Inhibition of the unaffected motor cortex by 1 HZ repetitive transcranial magnetic stimulation enhances motor performance and training effect of the paretic hand in patients with chronic stroke

Naoyuki Takeuchi, Takeo Tada, Masahiko Toshima, Takayo Chuma, Yuichiro Matsuo, Katsunori Ikoma

Research output: Contribution to journalArticlepeer-review

153 Citations (Scopus)

Abstract

Objective: Recent reports demonstrated that low-frequency repetitive transcranial magnetic stimulation (rTMS) over the unaffected hemisphere improved the affected hand function in chronic stroke patients. We investigated whether 1 Hz rTMS improved the motor learning of the affected hand in patients after stroke. Design: A double-blind study. Patients: Twenty patients with chronic subcortical stroke. Methods: The patients were randomly assigned to receive either a sub-threshold rTMS over the unaffected hemisphere (1 Hz, 25 minutes) or sham stimulation, and all patients performed a pinching task after stimulation. We evaluated the motor function of the affected hand and the excitatory and inhibitory function of the affected motor cortex by transcranial magnetic stimulation. Results: Compared with sham stimulation, rTMS induced an increase in the excitability of the affected motor cortex (p<0.001) and an improvement in acceleration of the affected hand (p=0.006). Moreover, the effect of motor training on pinch force was enhanced by rTMS (p<0.001). These improvement in the motor function lasted for one week after rTMS and motor training (p<0.001). Conclusion: rTMS improved the motor learning of the affected hand in patients after stroke; thus, it can apply as a new rehabilitation strategy for patients after stroke.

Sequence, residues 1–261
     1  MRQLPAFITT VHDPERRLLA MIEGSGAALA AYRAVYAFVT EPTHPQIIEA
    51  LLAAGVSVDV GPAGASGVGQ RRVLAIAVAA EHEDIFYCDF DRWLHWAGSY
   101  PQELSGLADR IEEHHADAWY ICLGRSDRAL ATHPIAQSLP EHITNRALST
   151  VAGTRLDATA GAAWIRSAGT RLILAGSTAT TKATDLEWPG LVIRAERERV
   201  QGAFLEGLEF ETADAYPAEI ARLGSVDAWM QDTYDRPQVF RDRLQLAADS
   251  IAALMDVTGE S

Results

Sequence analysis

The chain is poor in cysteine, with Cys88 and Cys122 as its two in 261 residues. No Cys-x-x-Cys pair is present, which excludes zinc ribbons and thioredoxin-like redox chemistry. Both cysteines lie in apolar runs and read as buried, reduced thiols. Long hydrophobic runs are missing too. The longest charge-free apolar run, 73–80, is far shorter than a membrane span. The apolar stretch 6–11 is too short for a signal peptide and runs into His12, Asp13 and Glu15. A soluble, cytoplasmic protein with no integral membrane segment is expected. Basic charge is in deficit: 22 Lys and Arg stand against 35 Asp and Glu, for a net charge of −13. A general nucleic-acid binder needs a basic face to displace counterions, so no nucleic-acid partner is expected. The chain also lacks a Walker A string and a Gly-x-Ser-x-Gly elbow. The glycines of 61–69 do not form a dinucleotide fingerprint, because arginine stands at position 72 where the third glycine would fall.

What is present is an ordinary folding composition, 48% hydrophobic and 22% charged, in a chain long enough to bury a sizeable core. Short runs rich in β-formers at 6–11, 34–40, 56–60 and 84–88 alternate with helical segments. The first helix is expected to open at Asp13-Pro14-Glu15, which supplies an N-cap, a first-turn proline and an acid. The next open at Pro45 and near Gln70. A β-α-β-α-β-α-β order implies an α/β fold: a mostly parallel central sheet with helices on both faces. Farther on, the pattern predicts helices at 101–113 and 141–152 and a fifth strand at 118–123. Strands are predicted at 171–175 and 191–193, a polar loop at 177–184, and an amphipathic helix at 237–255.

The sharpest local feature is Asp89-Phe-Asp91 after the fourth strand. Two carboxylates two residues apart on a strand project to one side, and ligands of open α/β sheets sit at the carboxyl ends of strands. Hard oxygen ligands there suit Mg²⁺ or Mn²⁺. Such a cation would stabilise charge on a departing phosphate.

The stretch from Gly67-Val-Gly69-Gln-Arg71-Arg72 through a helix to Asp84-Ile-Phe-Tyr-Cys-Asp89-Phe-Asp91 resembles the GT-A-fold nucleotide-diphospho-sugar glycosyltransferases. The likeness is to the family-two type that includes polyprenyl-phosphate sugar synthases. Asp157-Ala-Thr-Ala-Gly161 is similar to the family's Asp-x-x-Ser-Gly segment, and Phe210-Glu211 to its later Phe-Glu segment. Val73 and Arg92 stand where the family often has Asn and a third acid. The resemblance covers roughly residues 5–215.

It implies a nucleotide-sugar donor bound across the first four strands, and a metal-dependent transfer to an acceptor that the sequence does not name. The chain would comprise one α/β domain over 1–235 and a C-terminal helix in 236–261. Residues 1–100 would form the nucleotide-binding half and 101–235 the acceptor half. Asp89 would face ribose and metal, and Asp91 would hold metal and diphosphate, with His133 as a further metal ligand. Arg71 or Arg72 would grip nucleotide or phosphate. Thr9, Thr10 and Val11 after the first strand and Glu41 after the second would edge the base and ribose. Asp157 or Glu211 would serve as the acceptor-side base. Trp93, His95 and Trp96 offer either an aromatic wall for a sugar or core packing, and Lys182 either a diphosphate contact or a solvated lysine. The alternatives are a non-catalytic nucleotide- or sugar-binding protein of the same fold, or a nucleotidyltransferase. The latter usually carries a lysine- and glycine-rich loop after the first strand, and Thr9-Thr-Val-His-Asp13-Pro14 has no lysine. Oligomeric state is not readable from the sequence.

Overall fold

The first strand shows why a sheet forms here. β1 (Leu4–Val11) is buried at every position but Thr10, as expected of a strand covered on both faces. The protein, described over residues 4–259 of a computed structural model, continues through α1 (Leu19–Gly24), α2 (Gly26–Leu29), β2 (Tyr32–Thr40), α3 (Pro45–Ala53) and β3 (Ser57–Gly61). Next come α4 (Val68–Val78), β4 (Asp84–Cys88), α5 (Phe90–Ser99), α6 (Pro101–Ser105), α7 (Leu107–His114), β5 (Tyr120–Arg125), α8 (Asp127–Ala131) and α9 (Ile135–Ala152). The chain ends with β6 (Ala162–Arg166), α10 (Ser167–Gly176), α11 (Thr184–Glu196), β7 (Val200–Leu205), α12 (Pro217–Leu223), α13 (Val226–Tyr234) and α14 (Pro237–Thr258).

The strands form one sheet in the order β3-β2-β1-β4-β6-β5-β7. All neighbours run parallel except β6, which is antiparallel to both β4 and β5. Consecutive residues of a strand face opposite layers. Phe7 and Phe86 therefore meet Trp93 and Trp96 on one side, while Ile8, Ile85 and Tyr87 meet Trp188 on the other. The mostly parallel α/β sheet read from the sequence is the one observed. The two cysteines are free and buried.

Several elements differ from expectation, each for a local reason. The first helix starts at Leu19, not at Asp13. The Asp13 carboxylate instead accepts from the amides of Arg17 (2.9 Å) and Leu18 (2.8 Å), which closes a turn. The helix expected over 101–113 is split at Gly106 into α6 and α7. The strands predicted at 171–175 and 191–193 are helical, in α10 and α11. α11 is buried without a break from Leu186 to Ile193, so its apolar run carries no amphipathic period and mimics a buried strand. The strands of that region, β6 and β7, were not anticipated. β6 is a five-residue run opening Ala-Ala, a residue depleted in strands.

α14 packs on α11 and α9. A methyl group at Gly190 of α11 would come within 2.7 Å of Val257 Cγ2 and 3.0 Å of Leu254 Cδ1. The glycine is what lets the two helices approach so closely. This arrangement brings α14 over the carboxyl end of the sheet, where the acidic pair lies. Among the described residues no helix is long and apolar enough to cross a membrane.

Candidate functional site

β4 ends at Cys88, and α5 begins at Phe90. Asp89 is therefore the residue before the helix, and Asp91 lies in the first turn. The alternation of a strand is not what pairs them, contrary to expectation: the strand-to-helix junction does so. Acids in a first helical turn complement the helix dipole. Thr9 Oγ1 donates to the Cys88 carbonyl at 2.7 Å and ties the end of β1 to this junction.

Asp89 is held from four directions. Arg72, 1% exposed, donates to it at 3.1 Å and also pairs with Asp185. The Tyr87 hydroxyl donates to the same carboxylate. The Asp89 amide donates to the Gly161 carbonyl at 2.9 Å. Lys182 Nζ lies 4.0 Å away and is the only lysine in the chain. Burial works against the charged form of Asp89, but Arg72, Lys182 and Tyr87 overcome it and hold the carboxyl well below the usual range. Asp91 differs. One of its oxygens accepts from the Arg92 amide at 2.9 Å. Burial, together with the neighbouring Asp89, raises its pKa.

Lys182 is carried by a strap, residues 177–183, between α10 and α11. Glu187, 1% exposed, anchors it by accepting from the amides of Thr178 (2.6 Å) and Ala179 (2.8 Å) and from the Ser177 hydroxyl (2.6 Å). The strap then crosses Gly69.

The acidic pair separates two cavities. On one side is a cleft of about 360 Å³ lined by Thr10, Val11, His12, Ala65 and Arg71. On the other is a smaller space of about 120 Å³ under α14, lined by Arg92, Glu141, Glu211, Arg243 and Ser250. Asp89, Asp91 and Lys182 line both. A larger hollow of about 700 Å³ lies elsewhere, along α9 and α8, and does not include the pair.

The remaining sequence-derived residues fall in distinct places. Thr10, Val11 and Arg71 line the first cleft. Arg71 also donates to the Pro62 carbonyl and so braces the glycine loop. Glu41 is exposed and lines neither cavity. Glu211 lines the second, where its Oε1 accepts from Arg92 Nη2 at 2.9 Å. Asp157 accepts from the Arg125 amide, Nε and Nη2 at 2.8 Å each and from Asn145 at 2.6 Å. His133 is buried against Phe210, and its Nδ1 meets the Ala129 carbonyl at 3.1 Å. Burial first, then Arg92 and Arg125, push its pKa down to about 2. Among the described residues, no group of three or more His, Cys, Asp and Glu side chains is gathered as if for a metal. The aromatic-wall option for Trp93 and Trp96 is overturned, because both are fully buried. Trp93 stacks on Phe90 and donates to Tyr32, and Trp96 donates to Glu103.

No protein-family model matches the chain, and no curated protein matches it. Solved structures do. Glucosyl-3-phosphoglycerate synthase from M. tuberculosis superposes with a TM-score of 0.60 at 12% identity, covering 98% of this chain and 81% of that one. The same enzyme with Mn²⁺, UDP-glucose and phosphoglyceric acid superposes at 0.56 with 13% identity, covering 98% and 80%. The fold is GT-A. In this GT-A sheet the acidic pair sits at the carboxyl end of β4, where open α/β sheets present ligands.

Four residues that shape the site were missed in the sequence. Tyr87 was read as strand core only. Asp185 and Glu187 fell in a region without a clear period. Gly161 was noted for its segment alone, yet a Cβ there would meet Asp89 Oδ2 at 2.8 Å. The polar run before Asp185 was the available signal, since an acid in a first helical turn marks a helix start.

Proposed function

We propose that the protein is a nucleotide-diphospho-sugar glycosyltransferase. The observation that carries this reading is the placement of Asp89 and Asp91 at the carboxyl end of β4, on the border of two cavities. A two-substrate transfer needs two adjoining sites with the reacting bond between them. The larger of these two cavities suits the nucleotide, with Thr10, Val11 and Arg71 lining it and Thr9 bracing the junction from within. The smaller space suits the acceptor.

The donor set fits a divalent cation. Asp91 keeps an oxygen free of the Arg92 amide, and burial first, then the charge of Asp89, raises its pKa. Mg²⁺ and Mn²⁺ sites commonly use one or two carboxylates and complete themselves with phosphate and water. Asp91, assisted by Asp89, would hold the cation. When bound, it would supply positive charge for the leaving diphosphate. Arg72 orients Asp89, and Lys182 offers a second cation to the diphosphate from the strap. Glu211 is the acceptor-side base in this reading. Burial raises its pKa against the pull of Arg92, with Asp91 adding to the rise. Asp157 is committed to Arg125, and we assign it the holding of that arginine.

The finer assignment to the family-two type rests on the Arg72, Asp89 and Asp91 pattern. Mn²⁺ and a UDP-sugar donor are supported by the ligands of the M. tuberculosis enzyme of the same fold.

Original languageEnglish
Pages (from-to)298-303
Number of pages6
JournalJournal of Rehabilitation Medicine
Volume40
Issue number4
DOIs
Publication statusPublished - 2008 Apr

Keywords

  • Motor learning
  • Neuronal plasticity
  • Rehabilitation
  • Repetitive transcranial magnetic stimulation
  • Stroke

ASJC Scopus subject areas

  • Physical Therapy, Sports Therapy and Rehabilitation
  • Rehabilitation

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